Coming to terms with addiction and finding my way.

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As I said on Wednesday, a game took away from my writing time.

Oddly enough, this initially happened when I went sober the end of July.

I swapped one addiction for another.

Instead of blinding myself with alcohol, I shut the world off and buried myself in leveling a character online.

This led me to taking up the bottle again the end of October.

I did this for many reasons but mainly because I have always needed to bury my emotions.

It’s been that way for as long as I can remember.

As a teenager, I would keep to myself, not wanting to let the world know how depressed I was. That led to issues with relationships in high school.

I wasn’t mature enough to handle a relationship with myself, much less another person.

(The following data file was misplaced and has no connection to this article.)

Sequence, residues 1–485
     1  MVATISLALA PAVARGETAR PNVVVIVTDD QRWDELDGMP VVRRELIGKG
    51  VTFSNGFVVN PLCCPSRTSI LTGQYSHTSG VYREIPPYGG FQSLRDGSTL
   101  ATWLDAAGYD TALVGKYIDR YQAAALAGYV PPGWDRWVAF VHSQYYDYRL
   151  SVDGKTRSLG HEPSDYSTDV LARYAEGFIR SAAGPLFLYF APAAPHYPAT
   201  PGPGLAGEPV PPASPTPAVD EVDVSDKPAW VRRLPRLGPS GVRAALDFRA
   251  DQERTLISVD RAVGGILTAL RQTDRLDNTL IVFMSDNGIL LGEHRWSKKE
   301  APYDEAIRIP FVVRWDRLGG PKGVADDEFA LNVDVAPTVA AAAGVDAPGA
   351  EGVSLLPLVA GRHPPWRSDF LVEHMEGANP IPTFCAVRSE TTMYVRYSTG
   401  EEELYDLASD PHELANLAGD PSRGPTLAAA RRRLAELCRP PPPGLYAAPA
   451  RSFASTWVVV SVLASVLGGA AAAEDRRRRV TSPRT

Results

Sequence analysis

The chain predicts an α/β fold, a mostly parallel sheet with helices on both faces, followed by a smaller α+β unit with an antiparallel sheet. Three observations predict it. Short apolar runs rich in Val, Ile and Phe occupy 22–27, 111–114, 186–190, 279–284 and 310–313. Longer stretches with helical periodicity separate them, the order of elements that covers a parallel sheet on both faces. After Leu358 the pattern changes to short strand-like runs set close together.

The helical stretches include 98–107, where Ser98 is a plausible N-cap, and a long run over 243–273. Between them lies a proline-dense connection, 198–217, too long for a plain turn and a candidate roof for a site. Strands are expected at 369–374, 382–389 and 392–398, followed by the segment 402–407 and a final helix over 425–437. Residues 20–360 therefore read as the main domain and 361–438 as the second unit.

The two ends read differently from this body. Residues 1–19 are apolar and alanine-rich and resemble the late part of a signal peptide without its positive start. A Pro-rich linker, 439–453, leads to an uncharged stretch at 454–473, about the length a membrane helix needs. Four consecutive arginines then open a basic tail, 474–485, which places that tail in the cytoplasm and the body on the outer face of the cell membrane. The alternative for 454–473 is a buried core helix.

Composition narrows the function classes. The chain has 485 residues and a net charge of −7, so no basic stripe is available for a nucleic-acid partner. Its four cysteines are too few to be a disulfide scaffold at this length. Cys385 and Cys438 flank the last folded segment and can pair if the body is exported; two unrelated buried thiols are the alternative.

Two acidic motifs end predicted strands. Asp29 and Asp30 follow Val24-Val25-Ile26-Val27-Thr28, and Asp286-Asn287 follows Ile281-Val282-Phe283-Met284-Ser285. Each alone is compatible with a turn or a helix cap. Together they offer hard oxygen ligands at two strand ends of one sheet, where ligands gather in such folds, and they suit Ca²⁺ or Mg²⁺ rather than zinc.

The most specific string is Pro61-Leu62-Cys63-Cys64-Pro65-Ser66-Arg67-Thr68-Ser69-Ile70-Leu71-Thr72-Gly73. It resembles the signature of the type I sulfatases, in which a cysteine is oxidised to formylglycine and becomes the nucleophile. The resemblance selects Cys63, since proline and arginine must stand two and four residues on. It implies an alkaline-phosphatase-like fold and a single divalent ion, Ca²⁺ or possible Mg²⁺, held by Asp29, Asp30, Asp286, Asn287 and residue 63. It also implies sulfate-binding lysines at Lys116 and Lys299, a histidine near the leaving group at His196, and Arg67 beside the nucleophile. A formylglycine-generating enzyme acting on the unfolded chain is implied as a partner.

Thankfully, as I got older, met my wife, who has kept me safe from my worst tendencies, I was able to understand a few of those things.

But there was always something to subvert, numb, or chasten myself with.

It was either drowning myself in a bottle, burying myself in the pages of a book, delving into online games. In my blindness to these things I kept myself safe from pain.

I was obliterated at times because of family problems.

The bottle has been there since my late teens.

The feeling that one thing gave me led me to run off the tracks and nearly destroyed my marriage.

I try to keep myself safe and I have a tendency to bury myself in things that aren’t as good for me as I would like them to be; the bottle, video games, and other distractions.

I feel it’s necessary to bury myself in one thing that will help me get through all of this. My writing.

Writing gives me a similar high as alcohol, without the side effects.

I have this tendency to latch onto something and it can control and affect my entire world.